The transfiguration is closely linked to Peter’s confession of Jesus as the Christ in the previous chapter. Now that the Lord had revealed His identity fully to the disciples, He gave them a glimpse of His heavenly glory. But this glory can only be achieved through suffering, and for this reason, the transfiguration story is enveloped by two predictions about the sufferings, death, and resurrection that were waiting for Jesus. After coming down from the mountain, Jesus would go on to Jerusalem to fulfill the work that He came to do.
Did You Know...?
Temple tax (17:24): The didrachmon or 2 drachma piece was used among Jews for the half-shekel required for the annual Temple tax… This regulation derived from the atonement-money prescribed in Ex. 30:11-16, which, according to Maimonides, later developed into a regular annual poll-tax. [ref] All Jewish males over 20 years old paid an annual half-shekel tax (about two days’ wages) to support the temple…In Jesus’ day, the tax was collected a month before Passover…. [ref]
Who did Jesus bring with Him to go up the mountain? Why these three people?Hide Answer
Peter, James, and John. These three were the Lord’s closest disciples, whom Jesus also brought along to the house of Jairus (Lk 8:51) and into Gethsemane (Mk 14:33). It is most likely that the Lord chose these three to be his closest company and to give them special training because they will be crucial witnesses and workers in the apostolic church after the Lord’s resurrection.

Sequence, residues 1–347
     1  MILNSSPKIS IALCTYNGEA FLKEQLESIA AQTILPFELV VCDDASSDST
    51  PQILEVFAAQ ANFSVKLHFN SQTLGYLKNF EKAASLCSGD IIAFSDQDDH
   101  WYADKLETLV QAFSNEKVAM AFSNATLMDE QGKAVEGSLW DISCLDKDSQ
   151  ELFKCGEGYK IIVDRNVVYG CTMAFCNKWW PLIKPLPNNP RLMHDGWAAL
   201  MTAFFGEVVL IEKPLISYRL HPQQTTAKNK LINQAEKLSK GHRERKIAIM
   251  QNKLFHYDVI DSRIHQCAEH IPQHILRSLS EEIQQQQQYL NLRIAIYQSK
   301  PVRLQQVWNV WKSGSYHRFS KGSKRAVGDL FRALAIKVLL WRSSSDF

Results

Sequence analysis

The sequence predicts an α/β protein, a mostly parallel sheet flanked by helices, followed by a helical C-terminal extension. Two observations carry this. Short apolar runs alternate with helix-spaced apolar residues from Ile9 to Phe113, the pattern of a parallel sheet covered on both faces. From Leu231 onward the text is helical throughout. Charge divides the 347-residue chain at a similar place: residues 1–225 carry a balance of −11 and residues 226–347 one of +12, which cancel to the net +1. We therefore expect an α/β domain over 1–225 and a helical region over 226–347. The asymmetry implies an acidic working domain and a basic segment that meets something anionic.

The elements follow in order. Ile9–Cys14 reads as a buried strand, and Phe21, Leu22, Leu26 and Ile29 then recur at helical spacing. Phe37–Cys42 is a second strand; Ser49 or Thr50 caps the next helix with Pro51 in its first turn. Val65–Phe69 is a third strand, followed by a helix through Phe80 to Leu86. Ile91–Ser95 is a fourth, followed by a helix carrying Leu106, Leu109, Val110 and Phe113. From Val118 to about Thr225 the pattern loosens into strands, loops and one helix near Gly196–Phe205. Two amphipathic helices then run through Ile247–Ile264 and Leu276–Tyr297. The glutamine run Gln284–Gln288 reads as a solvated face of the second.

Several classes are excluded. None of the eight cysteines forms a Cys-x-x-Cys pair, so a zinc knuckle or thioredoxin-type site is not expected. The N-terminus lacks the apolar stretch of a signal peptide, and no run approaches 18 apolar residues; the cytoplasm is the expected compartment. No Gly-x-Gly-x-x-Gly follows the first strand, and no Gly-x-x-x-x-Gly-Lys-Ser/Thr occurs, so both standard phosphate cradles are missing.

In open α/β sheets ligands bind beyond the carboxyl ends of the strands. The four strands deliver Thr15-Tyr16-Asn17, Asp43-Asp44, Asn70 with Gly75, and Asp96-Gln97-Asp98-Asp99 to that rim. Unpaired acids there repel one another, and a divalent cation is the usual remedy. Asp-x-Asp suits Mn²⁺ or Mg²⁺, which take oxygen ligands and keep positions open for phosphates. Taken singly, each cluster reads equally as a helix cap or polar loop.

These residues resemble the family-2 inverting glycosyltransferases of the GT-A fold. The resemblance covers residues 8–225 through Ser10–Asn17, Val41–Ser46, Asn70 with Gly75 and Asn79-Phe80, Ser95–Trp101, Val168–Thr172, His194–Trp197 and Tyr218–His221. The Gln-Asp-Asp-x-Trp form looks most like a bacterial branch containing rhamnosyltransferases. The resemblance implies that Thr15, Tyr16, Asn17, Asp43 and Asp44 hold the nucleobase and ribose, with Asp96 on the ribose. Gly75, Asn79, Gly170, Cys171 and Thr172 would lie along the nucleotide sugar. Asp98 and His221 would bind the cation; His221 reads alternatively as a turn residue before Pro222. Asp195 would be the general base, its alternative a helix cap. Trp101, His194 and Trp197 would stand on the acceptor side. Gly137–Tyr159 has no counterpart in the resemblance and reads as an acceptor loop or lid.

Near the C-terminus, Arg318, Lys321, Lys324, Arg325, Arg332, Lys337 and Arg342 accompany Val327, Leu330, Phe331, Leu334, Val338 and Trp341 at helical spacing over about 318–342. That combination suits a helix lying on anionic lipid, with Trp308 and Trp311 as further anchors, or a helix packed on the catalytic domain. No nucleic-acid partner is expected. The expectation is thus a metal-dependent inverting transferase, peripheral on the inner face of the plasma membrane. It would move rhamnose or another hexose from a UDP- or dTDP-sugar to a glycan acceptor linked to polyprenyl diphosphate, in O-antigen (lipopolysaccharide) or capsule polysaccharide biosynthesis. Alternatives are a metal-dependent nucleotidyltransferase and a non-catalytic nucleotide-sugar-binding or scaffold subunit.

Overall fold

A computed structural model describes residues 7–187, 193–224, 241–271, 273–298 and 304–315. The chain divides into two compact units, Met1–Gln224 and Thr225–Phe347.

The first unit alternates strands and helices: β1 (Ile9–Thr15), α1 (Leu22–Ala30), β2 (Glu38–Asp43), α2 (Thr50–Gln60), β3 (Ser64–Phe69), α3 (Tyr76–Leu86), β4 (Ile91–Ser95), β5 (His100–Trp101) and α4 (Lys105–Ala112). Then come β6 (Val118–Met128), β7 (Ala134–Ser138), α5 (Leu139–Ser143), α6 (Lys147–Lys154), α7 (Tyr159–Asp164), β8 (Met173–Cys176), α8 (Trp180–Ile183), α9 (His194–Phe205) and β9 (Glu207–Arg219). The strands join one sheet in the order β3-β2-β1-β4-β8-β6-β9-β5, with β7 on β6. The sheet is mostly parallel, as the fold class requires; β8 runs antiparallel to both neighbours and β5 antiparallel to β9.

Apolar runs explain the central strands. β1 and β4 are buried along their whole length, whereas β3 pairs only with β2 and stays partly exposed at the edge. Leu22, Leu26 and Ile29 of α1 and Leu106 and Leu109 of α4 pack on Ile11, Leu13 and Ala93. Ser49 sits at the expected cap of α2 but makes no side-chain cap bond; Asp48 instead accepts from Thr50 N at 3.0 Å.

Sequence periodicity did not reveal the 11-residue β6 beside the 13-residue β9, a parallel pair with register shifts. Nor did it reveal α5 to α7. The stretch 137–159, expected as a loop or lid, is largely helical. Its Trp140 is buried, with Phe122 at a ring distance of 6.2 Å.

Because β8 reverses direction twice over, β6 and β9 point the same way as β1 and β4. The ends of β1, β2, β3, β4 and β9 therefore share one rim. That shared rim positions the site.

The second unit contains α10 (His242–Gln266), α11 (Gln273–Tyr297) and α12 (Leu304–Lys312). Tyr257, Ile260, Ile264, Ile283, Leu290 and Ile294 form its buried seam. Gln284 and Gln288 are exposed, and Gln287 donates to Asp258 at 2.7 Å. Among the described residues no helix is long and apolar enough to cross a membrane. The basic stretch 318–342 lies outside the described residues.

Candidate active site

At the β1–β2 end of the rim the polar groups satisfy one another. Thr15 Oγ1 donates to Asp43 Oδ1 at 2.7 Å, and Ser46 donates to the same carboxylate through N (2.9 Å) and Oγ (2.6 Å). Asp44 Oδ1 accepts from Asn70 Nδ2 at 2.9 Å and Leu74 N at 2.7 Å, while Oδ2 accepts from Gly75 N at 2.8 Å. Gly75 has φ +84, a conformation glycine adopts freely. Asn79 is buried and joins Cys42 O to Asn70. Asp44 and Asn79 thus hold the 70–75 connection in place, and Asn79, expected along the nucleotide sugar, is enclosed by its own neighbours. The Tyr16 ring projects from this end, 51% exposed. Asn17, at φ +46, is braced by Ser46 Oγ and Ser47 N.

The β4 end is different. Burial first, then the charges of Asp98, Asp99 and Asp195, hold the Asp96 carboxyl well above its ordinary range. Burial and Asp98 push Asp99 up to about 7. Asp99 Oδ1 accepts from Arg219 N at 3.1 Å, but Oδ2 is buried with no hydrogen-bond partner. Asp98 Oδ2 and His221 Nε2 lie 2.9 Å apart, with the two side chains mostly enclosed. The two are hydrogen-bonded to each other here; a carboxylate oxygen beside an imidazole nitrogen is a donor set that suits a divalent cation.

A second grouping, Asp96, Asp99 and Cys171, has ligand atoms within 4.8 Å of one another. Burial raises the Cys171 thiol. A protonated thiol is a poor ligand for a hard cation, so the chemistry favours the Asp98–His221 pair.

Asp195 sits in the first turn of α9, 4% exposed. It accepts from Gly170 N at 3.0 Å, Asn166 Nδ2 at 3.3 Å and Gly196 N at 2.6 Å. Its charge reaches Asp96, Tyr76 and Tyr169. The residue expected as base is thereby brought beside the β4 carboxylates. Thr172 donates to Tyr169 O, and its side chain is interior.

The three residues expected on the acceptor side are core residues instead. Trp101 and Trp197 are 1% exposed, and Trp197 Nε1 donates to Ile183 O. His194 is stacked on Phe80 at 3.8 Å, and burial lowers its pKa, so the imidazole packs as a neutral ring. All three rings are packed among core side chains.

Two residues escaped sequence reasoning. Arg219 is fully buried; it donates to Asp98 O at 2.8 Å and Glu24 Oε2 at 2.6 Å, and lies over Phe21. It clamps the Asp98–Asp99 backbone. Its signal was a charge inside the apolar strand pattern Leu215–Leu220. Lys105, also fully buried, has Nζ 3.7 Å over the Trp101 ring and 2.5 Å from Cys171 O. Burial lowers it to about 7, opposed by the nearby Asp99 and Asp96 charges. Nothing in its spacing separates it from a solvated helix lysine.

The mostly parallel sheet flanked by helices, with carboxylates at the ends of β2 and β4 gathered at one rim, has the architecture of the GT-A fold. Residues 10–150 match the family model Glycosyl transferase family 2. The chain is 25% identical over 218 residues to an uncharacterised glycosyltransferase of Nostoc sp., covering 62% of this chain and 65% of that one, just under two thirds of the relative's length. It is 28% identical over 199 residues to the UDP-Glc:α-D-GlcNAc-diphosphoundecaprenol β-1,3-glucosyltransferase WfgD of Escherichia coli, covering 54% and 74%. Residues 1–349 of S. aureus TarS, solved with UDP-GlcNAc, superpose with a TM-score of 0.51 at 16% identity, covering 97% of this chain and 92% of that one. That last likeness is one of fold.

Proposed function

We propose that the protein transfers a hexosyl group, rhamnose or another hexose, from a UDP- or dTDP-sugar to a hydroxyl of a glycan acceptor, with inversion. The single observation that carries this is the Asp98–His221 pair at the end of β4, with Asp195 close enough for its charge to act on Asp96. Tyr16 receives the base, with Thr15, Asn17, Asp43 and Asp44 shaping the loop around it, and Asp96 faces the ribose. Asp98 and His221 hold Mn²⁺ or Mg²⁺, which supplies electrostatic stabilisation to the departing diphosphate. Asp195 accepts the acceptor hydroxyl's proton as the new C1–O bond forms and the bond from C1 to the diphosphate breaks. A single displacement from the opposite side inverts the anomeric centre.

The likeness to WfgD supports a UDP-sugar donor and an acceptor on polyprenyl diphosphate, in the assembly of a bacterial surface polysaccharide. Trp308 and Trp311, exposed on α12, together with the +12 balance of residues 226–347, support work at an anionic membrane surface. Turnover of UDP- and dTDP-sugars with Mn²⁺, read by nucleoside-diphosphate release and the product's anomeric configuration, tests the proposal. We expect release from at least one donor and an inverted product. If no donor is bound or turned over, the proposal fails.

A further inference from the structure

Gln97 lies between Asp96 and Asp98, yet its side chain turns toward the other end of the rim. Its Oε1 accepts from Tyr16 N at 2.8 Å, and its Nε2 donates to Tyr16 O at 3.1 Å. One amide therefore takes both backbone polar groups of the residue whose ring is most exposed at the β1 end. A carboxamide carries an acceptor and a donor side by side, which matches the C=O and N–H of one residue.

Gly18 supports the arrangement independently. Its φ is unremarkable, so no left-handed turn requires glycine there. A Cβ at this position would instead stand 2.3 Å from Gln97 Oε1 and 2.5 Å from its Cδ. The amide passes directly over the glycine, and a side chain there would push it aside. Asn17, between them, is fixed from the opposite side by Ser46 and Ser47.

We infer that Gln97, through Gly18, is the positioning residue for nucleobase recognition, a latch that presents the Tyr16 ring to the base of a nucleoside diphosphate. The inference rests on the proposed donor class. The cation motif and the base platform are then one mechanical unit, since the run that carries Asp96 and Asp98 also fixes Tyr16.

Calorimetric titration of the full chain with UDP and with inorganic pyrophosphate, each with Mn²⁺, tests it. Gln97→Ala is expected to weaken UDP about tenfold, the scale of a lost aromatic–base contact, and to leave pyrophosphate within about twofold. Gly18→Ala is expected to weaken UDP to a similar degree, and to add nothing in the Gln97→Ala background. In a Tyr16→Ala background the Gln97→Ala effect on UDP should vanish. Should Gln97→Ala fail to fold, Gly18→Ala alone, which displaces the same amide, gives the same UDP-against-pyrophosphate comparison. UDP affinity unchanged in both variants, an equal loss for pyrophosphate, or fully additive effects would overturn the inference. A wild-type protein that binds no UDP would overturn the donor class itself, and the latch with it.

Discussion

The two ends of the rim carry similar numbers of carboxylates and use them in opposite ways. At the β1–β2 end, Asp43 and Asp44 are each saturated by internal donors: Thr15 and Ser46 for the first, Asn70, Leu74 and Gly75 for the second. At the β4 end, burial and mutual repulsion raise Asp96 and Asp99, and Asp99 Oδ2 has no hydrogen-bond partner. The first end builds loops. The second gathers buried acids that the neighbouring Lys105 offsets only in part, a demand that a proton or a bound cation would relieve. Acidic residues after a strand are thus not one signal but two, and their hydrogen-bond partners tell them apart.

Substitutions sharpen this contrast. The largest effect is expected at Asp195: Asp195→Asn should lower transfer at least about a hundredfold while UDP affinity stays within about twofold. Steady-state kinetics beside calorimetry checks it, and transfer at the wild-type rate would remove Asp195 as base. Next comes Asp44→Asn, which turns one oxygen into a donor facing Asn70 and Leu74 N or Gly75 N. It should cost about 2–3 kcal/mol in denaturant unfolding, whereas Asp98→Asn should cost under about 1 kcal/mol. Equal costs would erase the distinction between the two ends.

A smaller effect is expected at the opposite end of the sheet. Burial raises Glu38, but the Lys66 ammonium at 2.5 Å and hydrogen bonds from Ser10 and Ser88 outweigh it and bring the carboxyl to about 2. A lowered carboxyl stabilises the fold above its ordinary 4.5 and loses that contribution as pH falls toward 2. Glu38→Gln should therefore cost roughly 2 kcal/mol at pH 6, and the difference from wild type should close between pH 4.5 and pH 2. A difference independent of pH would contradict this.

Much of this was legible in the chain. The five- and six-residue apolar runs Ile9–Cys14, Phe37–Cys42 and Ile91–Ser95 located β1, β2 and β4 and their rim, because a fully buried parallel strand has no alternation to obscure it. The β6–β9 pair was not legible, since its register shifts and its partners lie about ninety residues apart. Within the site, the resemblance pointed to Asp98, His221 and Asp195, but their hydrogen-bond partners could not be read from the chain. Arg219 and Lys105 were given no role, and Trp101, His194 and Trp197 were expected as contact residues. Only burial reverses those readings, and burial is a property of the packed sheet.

What could be the significance behind the appearance of Moses and Elijah?Hide Answer
Their appearance tells us who Jesus was. Both were great prophets and mighty workers in the Old Testament. Moses represented the Law and Elijah the Prophets, both of which Jesus fulfilled (Mt 5:17, 11:12-13). The transfiguration teaches us that Jesus, being greater than Moses and Elijah, was the one all the prophets had been waiting for.
Why was Peter’s comment in verse 4 inappropriate? Recall 16:22,23.Hide Answer
He did not understand that it was the Lord Jesus that they must look to and “hear” (5,8). The appearance of Moses and Elijah was only to confirm that Jesus was the Christ and the beloved Son of God. Peter’s desire to remain on the mountain was also out of place because the Lord did not intend to stay on the mountain. He had to continue His mission and suffer in order to achieve glory. Likewise, the disciples must also suffer for the kingdom before they could receive the glory in the future.
What can we learn about Jesus from the words spoken by the voice from heaven?Hide Answer
He is the beloved Son of God, who came to do the will of the Father. The Lord’s ministry and ultimate sacrifice were truly pleasing to God (Jn 8:29; Heb 10:5-10). The words also recall Moses’ prophecy about the Messiah (Deut 18:15). The Lord Jesus was sent from God; His words are the words of God. We will not escape if we ignore His solemn message (Heb 2:3-4). But if we hear His voice and obey Him, we will have life.
What was the purpose of the transfiguration? See also 16:21-28Hide Answer